In processing my somewhat unique start to escorting, I have realized that I (perhaps like many new escorts) was misdirecting energy during my first experience. In the chaos, I allowed myself to think that clients needed protection. This is not an unusual thought, I suppose, when you actually get a glimpse of some of the more vocal and hysterical protesters. The whole experience felt dramatic, frenzied, and full of helplessness. After the training, I saw clearly that the experience was about empowerment. We provide the space for clients to be empowered by always asking consent, by remaining calm and quiet, and by not engaging with the protesters.
Psychologists often speak of learning as a process of using what you know to navigate the world. People use mental scripts to guide expectations of what to do in new situations. For example, a mental script for ordering food in a restaurant can help you learn how to order food at a drive through.
There is no script for escorting on the sidewalk. Nothing in my life had prepared me for the chaos from the protesters. All of the implicit, unspoken rules we use for engaging with people in our daily life (turn-taking, respecting personal space, not yelling at strangers) seem to be forgotten by the protesters. For new escorts, facing this bizarre situation with no mental framework for guidance is a disorienting and chaotic experience! The escort training (both formal and on-the-sidewalk training) has been helpful in providing guidance. Even so, as a new escort, it feels very unsettling to not have a mental script to help me process events on the sidewalk. There is nothing in my daily life that helps me relate to this bizarre occurrence of people showing up daily to harass other people who are just trying to make the walk from their car to their doctor’s office.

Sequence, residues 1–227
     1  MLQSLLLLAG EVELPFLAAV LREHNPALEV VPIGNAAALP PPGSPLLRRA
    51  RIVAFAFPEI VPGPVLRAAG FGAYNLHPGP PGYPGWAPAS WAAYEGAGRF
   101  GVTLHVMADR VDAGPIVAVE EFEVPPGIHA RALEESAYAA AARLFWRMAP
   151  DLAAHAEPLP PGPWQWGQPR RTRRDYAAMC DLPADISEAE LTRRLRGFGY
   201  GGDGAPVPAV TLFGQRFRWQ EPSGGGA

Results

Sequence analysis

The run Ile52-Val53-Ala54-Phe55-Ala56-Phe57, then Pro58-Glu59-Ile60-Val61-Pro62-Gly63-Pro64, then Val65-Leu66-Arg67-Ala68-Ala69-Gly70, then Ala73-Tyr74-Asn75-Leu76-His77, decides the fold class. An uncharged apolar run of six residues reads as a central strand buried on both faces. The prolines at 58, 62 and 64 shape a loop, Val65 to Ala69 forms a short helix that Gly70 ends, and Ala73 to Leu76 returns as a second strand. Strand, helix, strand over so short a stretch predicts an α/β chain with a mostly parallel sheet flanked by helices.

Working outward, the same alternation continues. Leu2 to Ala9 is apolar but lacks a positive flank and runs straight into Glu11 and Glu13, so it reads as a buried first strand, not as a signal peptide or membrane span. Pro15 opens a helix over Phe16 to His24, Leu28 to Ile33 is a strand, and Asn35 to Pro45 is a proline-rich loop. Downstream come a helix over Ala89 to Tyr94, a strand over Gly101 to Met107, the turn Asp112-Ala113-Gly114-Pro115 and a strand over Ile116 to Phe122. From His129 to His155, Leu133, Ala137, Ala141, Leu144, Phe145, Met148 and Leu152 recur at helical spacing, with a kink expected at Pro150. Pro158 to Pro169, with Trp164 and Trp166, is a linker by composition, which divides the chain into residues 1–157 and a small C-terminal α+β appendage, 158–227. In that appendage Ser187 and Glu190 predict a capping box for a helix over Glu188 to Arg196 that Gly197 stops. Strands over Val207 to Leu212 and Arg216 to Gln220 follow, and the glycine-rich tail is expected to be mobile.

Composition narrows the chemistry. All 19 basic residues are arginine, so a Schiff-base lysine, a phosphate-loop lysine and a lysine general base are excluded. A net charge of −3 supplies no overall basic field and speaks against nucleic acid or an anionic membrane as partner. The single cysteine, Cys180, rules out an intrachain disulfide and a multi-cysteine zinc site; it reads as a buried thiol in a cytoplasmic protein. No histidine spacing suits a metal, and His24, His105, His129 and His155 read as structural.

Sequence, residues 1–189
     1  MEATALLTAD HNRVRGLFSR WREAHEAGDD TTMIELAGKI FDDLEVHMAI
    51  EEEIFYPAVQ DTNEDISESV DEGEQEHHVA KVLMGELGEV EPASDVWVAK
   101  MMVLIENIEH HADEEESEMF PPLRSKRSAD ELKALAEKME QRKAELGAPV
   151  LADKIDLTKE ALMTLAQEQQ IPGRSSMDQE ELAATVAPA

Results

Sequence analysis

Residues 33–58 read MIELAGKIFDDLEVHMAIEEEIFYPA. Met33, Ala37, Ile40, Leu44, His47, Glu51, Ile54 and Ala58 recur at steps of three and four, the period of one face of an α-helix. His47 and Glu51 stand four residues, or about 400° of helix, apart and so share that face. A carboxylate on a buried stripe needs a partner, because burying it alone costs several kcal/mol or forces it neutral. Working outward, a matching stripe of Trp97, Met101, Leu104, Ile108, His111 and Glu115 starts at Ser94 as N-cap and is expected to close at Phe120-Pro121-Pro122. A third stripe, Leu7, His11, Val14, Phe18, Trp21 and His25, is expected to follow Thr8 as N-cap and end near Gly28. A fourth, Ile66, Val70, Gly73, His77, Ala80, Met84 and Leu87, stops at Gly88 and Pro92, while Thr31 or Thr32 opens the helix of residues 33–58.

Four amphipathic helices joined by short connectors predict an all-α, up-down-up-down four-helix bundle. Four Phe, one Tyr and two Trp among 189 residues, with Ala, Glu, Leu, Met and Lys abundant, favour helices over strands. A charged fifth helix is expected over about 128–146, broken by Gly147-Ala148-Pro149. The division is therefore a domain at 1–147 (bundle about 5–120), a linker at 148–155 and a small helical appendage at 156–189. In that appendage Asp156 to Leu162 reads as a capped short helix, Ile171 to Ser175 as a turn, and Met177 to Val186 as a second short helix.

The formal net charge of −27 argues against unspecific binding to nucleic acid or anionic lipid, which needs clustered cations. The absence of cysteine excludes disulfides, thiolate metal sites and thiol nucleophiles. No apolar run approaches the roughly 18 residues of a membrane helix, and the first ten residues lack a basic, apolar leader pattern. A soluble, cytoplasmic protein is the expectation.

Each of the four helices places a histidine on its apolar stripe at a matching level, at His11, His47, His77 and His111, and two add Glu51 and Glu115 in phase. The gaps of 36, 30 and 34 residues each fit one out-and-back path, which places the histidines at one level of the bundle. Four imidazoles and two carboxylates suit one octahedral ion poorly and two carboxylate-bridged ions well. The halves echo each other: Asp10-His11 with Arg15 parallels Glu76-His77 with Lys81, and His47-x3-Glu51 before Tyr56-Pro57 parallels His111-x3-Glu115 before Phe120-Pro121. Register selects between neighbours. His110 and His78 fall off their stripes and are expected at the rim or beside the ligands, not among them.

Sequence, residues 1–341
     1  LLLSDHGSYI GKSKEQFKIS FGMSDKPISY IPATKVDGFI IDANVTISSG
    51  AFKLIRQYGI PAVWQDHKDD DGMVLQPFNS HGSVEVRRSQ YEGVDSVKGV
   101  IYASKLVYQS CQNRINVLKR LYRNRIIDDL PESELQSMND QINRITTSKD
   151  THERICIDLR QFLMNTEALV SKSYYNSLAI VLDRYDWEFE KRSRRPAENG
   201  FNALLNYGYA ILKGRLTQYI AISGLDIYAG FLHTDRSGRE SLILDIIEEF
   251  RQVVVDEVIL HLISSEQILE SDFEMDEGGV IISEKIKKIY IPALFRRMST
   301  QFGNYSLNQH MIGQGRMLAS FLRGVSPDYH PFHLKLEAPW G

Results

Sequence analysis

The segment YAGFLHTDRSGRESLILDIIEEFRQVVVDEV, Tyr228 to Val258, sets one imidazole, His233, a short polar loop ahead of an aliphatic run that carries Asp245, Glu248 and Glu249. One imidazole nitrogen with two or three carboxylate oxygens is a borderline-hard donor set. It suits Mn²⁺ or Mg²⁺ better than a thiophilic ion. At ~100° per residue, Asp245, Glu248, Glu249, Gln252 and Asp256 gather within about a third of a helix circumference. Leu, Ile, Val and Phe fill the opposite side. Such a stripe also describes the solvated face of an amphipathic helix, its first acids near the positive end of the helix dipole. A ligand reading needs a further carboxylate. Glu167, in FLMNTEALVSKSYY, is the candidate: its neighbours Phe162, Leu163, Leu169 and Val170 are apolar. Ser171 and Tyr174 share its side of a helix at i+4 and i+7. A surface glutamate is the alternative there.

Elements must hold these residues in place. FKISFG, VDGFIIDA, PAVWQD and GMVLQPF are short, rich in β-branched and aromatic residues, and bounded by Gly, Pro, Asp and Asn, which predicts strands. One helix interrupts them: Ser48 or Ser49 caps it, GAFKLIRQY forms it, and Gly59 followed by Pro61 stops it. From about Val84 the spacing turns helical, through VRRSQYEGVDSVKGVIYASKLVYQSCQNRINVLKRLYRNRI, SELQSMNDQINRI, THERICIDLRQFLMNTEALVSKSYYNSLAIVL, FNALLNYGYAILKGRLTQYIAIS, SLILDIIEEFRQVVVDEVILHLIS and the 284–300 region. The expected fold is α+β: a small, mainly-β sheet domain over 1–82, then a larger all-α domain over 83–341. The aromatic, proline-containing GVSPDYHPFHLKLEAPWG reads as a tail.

To the more seasoned escorts: I am trying, I am listening, and I will do my best. I will probably still beat myself up for mistakes, no matter how many times you tell me not to. I still feel anxious at times, even though you teach me the “thousand-yard stare” that gives me a serene face to present toward the protesters. I am still trying to manage my emotions in a way that will allow me to provide a calm presence for the clients and their companions. And despite all of this, I will still show up to escort, even though there is still a part of me that doubts that my money wouldn’t be more helpful than my physical presence. As one experienced escort put into words, “I don’t think I can do this, but I know I have to do this”. How very true.
REMINDER: Our annual fund drive Pledge-A-Picketer is NOW!
The Saturday before Mother’s Day is the biggest protester day of the year. It also is the date where we count protesters for donations to support the pro-choice effort and the escorts. You can pledge a certain amount for each protester showing up that morning. If you prefer, you can also make a straight monetary donation.
Use this form to make your pledge: